Adam Taye’s upbringing as a Mormon in Idaho led to a unique understanding of the spiritual connection between potatoes and basketball, as demonstrated in his didactic sculpture, “Esto Perpetua/ I Will Fight No More Forever”. His experiences as a young potato farm hand in the land of potatoes-a-plenty are also humorously referenced in his “Erased New Yorker Cartoons”.
Master printer Jon Cone has included “the world’s largest Potato print,” a collaboration with painter Archie Rand. This project combines large-scale potato printmaking processes with experiments in sleep deprivation.
The potato as artistic medium takes its ultimate form in the work of Beirut-based artist Ginou Choueiri, whose life-like “potato portraits” perfectly synthesize potatoes with humans using portraits of actual people on the skins of real spuds.
French artist Jean-Louis Gonterre known for his interest in photographing potatoes presents a new series of pictures placing giant potatoes in configurations related to acts of tension and heat.
Brooklyn-based Anna Alicja Feitzinger’s photographic installation examines the potato through the lens of biology. Magnifying the potato plant through a microscope and photographing its microcosmic reality, she re-imagines the potato as the origin of the universe.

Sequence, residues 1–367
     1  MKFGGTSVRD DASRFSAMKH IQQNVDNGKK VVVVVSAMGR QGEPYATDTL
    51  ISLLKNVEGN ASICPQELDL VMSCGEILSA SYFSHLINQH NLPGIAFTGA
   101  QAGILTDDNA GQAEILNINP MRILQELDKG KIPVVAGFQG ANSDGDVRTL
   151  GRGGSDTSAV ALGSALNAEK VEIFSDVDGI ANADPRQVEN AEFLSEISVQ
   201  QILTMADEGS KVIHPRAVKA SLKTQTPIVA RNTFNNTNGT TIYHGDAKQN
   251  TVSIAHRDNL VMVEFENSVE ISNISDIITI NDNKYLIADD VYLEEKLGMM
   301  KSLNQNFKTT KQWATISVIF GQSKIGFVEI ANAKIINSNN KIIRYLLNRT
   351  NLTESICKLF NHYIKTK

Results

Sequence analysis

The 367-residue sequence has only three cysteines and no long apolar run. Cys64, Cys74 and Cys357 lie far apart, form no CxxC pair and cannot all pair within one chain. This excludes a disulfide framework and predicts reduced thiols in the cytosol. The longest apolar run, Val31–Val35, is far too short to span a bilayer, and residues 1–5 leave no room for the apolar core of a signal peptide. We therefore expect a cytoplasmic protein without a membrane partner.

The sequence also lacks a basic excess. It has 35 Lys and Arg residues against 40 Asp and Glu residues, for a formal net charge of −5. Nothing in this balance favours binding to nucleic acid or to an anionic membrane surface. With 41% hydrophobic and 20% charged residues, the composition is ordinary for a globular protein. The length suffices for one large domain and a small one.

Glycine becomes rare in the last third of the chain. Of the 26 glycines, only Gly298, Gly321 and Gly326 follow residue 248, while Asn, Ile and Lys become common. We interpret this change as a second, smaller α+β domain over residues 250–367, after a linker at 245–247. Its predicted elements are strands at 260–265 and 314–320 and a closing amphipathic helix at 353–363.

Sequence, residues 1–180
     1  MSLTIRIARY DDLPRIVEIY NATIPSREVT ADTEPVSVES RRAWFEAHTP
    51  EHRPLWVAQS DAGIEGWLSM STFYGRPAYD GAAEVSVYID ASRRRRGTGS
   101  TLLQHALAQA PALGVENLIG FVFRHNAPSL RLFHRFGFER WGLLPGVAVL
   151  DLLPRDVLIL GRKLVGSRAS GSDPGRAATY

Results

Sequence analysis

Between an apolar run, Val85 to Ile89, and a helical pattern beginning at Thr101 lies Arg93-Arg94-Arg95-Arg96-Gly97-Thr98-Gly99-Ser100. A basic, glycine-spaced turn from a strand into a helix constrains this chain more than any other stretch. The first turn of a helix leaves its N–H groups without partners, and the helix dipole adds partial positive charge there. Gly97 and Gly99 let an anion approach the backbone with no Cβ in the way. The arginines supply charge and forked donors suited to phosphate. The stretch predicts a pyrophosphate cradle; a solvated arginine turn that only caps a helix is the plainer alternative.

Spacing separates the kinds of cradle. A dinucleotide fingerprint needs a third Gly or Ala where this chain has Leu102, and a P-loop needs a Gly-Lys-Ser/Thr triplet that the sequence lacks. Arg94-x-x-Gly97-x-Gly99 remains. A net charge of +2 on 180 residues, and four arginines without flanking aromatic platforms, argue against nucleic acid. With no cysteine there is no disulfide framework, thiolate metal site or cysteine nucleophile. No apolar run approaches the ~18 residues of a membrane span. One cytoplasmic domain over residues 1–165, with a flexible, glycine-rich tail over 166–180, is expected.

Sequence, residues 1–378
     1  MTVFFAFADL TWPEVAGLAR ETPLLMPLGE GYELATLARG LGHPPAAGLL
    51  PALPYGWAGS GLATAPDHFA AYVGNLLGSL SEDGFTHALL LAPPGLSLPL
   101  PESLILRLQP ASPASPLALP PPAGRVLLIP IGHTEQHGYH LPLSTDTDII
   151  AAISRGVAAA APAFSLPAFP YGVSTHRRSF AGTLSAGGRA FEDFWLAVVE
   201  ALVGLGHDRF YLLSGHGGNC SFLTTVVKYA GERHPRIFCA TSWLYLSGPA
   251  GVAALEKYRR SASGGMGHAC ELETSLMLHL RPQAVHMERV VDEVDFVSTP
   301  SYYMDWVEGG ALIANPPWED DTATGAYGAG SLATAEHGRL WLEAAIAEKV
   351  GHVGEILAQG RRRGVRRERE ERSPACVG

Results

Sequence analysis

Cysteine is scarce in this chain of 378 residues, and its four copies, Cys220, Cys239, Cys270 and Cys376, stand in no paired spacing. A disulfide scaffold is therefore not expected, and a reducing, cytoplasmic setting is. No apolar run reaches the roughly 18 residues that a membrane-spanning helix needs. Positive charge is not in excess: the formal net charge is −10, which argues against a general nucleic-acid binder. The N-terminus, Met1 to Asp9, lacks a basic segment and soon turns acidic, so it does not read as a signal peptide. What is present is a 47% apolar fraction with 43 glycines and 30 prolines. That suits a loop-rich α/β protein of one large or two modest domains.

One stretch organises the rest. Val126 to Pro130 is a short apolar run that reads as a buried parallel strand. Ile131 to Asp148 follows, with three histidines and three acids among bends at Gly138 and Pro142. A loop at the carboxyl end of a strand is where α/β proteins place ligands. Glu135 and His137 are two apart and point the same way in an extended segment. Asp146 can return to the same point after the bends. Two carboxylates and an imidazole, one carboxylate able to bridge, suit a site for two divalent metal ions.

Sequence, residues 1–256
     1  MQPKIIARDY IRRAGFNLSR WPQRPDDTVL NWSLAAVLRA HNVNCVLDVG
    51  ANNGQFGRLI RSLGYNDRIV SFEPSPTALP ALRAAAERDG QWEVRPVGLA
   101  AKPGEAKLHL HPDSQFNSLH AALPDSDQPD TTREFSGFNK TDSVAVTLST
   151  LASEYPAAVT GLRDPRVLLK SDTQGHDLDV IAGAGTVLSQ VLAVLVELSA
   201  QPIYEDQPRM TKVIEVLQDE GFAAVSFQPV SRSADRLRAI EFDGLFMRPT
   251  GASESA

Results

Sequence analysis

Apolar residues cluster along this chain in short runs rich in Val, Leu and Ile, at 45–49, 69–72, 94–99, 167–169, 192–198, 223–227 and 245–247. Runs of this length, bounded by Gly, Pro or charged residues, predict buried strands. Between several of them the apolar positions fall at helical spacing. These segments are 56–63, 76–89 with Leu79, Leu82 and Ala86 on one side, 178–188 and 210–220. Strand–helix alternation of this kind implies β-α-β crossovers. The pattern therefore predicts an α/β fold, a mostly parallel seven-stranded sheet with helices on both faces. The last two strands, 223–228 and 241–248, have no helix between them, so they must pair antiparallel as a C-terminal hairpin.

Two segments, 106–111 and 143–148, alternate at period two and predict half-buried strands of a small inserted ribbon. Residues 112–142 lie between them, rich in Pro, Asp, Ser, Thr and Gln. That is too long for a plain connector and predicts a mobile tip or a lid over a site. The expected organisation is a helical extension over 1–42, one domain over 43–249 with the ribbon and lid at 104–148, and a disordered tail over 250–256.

The potato’s prodigious comedic possibilities have been masterfully demonstrated by performance artist and author Paul McMahon, whose interest in potato puns led to him publishing an entire book of “Potato Jokes”. His potato stand-up act immortalized on the Soupy Sales show and other related ephemera from McMahon’s potato days are on view.
Another humorist and long-time potato artist, printmaker and draughtsman, Chad Woody presents new potato prints and charmingly detailed scenes from his own forthcoming book, “The Life and Death of a Potato”. Other humorous works in the show include, Sherry Owens’ cast bronze potatoes frying together in a pan, “Hot For Each Other,” Beth Giacummo’s fast-food cartoon sculptures, “Fry Babies,” Annalisa Nutt’s sexy “Potato Pillow Talk” photographs, and Allan Innman’s photo-realistic rendering of the most ubiquitous face of potato pop culture, “Mr. Potato Head.”
The spirit of the Potato Revolution is encapsulated by the work of London-based potato artist Lucy Kippin, whose exciting installation “Dig for Victory” and “We the Made Lucky Few” casts potatoes in wax and also as supporting characters in a call to action and show of unity.
Potato Revolution organizer, THINK POTATO Founder, co-founder of Cult of Potato, and Potatoist Jeffrey Allen Price, presents “Potato Shrine” an interactive installation of potato-themed art and artifacts from 15-years of making, collecting and researching Potato Art. Also, on view his “Potato Revolution Café,” downstairs in the WAH Center’s main entrance. J.A.P. describes the café as a “Potato Speak-Easy” and “Temporary Headquarters of The Potato Revolution.” Armed with potato-themed food, drinks, art and memorabilia “The Potato Revolution Café” will be open for Special Event Days between October 7 and November 20, 2011. A special musical performance by J.A.P.’s new band POTATOTRON on Friday, November 11 at 8:30pm.